"Capital isn’t scarce; vision is" – Sam Walton
Sam Walton could be one of the most understated and under-recognized names in the history of the United States. Much to his delight, his influence on the very way that we live went largely unrecognized for most of his life. There can be few people who have made such an impression on the lives of every family in the country than Walton. His iconic Wal-Mart stores are everywhere, the largest chain of retail stores and responsible for a considerable proportion of the entire retail industry. Wal-Mart has become so influential that its financial reports and regular trading projections represent much awaited news on Wall Street. The company that Sam Walton founded ranks number four on the list of Fortune 500 companies, behind only General Motors, Ford and Exxon.
Walton personified the true meaning of the American dream and is responsible for opening up an army of company stockholders and employees to similar dreams. He was a child of the Great Depression and from a very early age showed considerable charisma, ambition and drive. In school and college, his sporting ability was evident and he was judged to be "most promising" of his class, regularly. From a very early age he showed ingenuity by working as a newspaper delivery boy, a herdsman and in a variety of other positions, just to earn money to help his struggling family get by.
Following wartime service, Walton was at the center of the re-emergence of the American economy. He had the foresight necessary to understand how complex social and demographic changes were interacting with the re-emerging economy. Fundamentally, he saw how the ways of doing business were changing and needed to change even further. His business acumen was ideally placed to carry him forward as this type of change unfolded.
While Walton may have flown beneath the radar for much of his life, the phenomenon that he created was nothing if not controversial. He was certainly aware of this controversy, but shrugged it off and believed that he was merely hastening what was inevitable. His vision helped to change the look of the retail industry forever and the knock on effects of his creation can be seen even today as we view how things are likely to change in our own future.
Walton’s vision centered around logistics. He understood that people want to buy products right there and then and that delays were not acceptable. The shelves of his very first store, opened in 1945, were always stocked with the correct goods at low prices. He would buy goods at the lowest price and pass on savings to the customer. Through accelerated volumes, he could negotiate even lower rates and thus created a very healthy sales phenomenon.
Walton started to learn lessons at an early age, as many people did not like his approach to business. Nevertheless, the pitfalls and problems that were placed in his way only strengthened his resolve. "I had to pick myself up and get on with it, do it all over again, only even better this time," as he put it.
He was to open a signature variety store in Bentonville, AR, the town that still hosts the world headquarters of his empire today. "Walton’s Five and Dime" was the name of the store that now features as the company’s visitor center. A chain of stores followed and as business progressed, he focused on larger and more comprehensive stores, spreading the reach across many of the Southern states.
The first Wal-Mart opened in 1962 in Rogers, AR and this was to mark the beginning of the company boom. Sam Walton was determined to try and market American-made products where he could and launched a considerable effort to find such manufacturers who could supply an increasing amount of merchandise to his chain at highly competitive prices.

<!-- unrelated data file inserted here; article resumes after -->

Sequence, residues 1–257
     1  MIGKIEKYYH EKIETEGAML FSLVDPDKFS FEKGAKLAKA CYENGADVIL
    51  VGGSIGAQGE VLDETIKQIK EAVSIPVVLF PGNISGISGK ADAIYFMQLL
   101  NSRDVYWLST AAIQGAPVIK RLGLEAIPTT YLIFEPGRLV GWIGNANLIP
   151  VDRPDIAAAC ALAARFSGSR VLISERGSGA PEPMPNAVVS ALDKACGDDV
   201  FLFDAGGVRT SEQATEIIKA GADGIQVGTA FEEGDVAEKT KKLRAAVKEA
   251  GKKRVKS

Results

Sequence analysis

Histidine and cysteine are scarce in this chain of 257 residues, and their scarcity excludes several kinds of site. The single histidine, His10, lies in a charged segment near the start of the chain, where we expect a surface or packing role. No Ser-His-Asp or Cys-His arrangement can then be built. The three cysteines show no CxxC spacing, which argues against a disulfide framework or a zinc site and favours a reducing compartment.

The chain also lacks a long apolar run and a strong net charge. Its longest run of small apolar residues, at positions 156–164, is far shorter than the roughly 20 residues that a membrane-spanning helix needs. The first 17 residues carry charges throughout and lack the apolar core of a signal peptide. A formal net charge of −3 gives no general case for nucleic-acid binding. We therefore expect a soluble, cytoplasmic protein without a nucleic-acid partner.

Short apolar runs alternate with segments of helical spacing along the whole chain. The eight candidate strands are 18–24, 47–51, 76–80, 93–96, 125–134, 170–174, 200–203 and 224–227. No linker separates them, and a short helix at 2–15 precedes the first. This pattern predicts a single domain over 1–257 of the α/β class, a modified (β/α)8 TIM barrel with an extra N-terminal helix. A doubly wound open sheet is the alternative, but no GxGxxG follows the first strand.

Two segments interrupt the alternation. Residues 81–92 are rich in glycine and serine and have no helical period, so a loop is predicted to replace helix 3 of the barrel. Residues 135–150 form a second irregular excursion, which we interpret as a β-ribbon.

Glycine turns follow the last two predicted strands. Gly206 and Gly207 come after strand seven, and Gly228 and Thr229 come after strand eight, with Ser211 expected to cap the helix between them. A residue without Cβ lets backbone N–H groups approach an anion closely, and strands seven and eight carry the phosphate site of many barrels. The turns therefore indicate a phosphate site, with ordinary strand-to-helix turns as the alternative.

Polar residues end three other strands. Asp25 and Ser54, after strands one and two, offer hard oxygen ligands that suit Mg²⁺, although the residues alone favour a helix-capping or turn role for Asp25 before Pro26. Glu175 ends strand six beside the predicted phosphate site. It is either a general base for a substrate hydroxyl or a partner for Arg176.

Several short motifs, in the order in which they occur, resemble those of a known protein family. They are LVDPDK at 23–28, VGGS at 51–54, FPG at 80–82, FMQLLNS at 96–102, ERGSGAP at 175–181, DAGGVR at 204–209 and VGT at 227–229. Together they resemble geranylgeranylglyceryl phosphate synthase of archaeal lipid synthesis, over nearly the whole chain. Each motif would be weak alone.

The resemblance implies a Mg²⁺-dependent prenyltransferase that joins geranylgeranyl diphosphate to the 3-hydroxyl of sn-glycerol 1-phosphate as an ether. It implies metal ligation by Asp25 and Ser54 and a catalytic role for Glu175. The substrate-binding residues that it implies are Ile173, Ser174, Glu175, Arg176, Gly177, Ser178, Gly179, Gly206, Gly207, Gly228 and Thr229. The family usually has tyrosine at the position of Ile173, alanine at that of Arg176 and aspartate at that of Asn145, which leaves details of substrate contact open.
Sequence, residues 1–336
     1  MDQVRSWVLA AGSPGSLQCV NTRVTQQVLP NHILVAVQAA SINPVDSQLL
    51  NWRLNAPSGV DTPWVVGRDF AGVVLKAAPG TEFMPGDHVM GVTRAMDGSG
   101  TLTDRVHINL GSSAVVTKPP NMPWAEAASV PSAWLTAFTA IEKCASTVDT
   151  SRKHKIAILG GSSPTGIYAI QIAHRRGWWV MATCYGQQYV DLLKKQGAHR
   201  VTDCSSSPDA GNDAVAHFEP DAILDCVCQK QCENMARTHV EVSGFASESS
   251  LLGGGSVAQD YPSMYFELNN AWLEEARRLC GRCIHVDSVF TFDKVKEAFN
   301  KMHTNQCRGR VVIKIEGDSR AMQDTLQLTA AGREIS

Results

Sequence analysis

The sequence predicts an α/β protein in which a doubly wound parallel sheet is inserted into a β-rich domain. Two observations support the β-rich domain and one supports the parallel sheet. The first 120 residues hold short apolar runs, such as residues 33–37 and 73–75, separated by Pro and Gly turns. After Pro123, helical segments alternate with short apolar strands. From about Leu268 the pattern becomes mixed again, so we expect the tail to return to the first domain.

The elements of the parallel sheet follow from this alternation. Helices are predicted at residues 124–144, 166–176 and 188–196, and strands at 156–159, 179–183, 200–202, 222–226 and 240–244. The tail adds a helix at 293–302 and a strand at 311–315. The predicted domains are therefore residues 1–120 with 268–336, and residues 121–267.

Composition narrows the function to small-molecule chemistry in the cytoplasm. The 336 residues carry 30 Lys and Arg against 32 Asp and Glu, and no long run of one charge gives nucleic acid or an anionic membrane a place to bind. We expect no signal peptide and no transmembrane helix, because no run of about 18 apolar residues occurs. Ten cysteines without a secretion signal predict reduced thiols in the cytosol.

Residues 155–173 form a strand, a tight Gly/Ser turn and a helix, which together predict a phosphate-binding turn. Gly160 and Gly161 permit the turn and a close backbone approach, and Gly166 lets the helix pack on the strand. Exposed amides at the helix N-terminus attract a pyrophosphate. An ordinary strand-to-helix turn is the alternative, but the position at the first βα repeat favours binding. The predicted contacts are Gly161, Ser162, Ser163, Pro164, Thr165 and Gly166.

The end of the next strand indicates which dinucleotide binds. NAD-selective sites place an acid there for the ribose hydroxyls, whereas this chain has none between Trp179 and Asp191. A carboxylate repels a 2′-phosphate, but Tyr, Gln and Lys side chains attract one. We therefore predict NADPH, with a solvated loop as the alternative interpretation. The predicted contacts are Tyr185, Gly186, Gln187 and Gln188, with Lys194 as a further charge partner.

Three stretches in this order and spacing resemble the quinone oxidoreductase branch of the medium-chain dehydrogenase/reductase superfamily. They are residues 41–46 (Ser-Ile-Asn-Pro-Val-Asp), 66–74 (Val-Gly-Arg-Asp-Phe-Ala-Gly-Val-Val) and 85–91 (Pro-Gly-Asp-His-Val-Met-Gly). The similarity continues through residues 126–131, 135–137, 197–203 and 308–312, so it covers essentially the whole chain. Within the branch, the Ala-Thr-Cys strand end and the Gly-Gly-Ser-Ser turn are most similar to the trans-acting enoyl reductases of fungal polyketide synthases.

Wal-Mart’s motto is "we sell for less, always." Walton perfected this model, ensuring that the way Americans shop changed forever. Small store owners were rightly upset, as they found that they simply could not compete with this business model. Homely, town center stores disappeared in favor of the giant Wal-Mart centers springing up in the suburbs. More so, Walton was shifting the focus of power away from the manufacturer and more towards the consumer, another trend that was to grow sharply in postwar America. "There is only one boss. The customer. And he can fire everybody in the company from the chairman on down, simply by spending his money somewhere else."
It is interesting to note that when Walton opened his first Wal-Mart store in 1962, Target and Kmart also emerged during that same year. Walton was not afraid of competition though and aggressively set out to find locations for new stores, using a private airplane to pinpoint the best locations and moving forward at breakneck speed. He made sure that he progressed technologically and is also credited with helping to pioneer merchandising and correct inventory control.
By 1985, his low-profile had run its course and Forbes magazine determined that he was in fact the richest man in America, due to his Wal-Mart stock. He was at once revered and ridiculed, as some people, bolstered by populist press, rued the passing of the traditional retailer and our concentration on big-box stores, cluttering and polluting the countryside.
Nevertheless, Walton presided over a restructuring of the American landscape, certainly from a retailing perspective. Today, each one of us relies on supermarkets and superstores and our quaintly named "shopping villages" inevitably include either a Wal-Mart or a Target store as an anchor.
Today, Wal-Mart has taken on the role of the leader in culture and society. The company understands that it has responsibilities and is championing the cause of environmental change. The phenomenon that Sam Walton created will likely live for ever and is the legacy of the all-American man who died in 1992 at the age of 74.